Attention-deficit / hyperactivity disorder (ADHD) is a common childhood disorder that can persist into adulthood, although diagnosis and treatment initiation can occur at any age. Diagnosis and drug treatment among adults has historically lagged behind that of pediatric patients, but growing awareness of ADHD as an adult disorder—influenced in part by updated diagnostic criteria—has in recent years fueled greater industry focus on adult patients. While not all psychostimulants are approved specifically for use in adult ADHD, they are central to treating these patients, capturing the majority of U.S. patient and market share; in particular, amphetamines see greater use in adults than in the pediatric population. At the same time, nonstimulants remain key therapeutic alternatives for this population. This study uses national patient-level claims data to examine prescribing patterns of psychostimulants and nonstimulants in adult patients with ADHD to explore the distinct treatment dynamics of this market.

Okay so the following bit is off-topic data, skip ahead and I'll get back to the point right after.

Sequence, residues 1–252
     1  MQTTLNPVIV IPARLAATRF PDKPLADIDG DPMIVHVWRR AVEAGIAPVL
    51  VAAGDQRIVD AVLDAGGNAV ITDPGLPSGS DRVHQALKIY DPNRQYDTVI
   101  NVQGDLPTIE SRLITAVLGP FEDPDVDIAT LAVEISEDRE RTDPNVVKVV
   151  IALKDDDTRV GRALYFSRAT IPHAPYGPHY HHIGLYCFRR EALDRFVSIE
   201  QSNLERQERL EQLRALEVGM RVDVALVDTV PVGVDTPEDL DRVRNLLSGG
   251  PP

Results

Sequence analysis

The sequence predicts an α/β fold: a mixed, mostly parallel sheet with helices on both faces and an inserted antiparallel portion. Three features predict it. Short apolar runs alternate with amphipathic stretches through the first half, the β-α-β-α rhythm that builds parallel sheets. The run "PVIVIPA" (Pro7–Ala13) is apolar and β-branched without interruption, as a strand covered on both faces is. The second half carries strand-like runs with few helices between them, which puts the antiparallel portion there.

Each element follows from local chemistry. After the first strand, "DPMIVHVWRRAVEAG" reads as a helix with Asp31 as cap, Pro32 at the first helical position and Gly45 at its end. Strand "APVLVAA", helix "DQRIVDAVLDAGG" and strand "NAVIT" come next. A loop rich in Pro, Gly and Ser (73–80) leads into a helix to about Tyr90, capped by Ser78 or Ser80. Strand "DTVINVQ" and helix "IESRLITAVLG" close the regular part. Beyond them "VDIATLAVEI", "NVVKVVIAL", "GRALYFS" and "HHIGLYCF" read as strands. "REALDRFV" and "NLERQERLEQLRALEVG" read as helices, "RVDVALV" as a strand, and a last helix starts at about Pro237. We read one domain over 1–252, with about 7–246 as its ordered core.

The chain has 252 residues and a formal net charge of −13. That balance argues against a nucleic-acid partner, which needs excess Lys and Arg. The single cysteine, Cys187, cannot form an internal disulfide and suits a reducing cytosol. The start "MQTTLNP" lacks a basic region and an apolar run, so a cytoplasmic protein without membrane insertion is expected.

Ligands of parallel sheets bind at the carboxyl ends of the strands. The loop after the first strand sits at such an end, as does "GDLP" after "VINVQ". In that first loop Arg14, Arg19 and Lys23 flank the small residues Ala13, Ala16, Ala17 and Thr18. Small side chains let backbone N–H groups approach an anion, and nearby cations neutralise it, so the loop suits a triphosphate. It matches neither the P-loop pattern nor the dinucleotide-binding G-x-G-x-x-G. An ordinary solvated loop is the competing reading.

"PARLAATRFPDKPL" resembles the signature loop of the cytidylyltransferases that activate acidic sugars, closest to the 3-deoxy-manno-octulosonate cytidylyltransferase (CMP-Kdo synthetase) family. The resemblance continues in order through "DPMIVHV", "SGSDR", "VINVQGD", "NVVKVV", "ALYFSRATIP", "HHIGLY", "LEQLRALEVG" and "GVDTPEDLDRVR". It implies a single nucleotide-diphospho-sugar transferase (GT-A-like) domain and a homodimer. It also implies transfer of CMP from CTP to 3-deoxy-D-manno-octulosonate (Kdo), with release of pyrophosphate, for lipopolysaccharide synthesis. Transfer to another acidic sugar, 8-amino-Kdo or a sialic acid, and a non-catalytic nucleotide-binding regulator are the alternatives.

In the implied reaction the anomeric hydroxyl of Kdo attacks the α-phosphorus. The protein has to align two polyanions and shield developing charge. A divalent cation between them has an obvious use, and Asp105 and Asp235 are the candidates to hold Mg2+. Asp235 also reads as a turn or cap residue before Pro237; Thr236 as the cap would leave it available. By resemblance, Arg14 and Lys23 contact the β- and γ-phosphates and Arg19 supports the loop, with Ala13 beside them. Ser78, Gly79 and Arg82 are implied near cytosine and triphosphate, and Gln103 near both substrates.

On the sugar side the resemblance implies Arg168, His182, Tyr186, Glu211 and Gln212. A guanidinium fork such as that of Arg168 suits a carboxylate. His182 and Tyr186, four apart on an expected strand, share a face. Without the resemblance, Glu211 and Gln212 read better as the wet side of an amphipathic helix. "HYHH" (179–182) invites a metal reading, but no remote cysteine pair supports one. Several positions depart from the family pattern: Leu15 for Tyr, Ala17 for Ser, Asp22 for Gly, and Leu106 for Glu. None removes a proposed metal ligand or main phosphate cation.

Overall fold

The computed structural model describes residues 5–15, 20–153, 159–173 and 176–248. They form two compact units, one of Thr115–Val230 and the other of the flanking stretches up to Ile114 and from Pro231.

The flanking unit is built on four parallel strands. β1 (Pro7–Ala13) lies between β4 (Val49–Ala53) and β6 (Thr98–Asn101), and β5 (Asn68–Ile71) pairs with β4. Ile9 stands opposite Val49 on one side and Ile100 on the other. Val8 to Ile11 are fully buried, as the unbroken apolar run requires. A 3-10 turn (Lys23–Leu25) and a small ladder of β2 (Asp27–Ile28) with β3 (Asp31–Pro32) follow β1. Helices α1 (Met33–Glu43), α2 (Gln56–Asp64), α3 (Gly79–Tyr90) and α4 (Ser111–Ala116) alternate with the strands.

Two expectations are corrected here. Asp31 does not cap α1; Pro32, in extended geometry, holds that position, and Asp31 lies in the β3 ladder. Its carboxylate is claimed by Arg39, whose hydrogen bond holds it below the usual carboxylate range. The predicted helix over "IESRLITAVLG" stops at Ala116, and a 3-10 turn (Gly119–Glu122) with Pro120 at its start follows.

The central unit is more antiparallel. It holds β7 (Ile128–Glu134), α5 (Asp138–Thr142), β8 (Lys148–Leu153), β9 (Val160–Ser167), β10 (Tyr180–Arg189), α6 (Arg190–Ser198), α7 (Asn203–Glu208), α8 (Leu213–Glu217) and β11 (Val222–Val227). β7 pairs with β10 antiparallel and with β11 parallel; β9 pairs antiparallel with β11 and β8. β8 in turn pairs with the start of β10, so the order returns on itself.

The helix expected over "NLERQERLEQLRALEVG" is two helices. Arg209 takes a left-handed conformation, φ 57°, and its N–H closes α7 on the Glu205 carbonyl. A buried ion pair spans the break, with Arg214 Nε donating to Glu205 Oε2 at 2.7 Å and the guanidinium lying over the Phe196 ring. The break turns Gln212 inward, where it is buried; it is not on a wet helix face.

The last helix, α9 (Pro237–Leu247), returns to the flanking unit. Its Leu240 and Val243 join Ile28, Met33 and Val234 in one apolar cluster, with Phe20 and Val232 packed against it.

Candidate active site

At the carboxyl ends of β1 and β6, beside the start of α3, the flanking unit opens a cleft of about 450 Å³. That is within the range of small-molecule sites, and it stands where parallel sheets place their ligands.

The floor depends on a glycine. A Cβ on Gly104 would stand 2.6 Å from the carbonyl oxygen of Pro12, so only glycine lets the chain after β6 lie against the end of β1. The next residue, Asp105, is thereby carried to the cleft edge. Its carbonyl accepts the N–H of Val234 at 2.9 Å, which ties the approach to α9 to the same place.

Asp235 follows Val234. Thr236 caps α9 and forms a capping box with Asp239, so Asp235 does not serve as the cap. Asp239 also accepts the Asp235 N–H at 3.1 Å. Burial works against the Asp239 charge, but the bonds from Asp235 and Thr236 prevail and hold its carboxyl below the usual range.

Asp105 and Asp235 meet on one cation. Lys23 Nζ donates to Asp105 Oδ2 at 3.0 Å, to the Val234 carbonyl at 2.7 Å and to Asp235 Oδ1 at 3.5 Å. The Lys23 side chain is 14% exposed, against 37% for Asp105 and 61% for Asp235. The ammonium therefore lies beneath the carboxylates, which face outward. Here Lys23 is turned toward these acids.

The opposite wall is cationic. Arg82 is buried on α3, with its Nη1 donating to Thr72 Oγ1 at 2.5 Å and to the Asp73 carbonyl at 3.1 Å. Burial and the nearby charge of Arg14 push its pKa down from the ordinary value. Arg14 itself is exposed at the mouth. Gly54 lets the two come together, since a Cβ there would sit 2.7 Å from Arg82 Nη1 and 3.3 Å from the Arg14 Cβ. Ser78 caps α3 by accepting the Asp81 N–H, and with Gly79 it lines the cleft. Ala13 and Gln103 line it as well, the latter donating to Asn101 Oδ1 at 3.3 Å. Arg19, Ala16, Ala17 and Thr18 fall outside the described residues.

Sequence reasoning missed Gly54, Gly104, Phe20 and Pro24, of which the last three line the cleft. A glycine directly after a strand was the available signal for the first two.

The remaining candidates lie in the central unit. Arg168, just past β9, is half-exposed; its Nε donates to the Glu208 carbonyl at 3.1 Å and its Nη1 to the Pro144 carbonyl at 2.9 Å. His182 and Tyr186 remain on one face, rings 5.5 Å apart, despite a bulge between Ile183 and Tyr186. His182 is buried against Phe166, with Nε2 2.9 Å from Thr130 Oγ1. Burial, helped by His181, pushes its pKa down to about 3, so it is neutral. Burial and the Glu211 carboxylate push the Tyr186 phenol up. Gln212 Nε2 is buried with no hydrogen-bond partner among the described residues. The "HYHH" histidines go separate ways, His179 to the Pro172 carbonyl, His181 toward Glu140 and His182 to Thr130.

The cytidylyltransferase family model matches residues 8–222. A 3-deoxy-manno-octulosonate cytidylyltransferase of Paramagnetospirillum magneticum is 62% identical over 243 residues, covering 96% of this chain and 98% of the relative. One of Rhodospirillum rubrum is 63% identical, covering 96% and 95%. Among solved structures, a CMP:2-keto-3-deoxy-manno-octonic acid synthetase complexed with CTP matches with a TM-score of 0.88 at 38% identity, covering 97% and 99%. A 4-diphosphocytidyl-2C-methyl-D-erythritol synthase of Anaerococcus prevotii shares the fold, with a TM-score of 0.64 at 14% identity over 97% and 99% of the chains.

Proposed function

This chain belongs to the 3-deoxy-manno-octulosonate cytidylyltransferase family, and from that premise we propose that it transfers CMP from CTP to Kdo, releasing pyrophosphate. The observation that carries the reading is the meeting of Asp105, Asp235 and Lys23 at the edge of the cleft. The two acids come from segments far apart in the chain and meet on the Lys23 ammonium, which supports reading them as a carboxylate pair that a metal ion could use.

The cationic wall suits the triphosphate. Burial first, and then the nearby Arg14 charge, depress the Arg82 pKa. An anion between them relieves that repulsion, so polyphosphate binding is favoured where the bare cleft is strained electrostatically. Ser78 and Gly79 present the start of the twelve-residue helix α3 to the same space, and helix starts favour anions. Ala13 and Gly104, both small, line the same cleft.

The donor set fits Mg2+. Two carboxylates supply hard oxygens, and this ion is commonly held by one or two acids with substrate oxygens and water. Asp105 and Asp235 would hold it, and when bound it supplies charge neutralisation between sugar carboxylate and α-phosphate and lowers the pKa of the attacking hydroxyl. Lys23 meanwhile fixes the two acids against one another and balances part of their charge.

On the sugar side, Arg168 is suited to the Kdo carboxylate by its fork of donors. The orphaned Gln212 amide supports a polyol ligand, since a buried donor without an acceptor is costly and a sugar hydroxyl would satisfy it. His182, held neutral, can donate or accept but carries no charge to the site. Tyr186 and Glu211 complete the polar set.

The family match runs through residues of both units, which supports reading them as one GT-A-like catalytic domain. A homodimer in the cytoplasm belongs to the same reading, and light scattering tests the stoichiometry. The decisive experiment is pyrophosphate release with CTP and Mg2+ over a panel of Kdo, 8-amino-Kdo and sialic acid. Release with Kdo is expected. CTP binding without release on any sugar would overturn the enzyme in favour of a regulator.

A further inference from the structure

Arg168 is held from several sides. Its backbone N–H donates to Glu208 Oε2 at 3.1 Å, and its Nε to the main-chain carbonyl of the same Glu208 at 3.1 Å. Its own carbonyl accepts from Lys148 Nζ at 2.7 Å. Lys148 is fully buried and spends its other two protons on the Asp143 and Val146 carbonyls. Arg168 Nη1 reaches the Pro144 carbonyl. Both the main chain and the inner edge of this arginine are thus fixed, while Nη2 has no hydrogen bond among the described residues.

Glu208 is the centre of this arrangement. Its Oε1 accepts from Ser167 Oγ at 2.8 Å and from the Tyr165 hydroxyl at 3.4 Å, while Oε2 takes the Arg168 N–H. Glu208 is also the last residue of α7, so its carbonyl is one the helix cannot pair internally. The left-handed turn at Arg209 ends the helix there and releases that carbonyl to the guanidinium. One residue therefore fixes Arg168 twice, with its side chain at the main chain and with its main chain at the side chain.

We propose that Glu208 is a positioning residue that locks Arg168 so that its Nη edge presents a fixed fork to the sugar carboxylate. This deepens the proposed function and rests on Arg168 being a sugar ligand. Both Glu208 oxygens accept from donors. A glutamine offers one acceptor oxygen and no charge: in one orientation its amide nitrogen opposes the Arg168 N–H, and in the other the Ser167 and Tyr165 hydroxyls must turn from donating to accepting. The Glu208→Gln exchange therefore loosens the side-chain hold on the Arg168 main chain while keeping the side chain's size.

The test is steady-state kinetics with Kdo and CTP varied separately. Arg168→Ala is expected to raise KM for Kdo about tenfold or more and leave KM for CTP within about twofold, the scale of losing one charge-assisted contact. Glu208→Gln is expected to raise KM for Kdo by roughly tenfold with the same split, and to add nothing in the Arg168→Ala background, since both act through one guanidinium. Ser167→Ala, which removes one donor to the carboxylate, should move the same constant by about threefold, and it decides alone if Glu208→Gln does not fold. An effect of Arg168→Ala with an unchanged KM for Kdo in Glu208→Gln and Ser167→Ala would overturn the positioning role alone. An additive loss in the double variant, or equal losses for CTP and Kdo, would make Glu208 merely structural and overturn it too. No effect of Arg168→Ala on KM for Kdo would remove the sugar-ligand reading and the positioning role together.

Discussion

Treatment Algorithms: Claims Data Analysis provides detailed, quantitative analysis of the treatment journey and brand usage across lines of therapy and overall using real-world, patient-level claims data so that marketers can accurately assess their source of business, benchmark usage against competitors, and quantify areas of opportunity for their marketed or emerging brand.
Geographies: United States
Real-world data: Longitudinal patient-level claims data analysis
Key drugs covered: Atomoxetine, guanfacine ER, methylphenidate CR, mixed amphetamine salts ER, Mydayis, Vyvanse
Key analysis provided: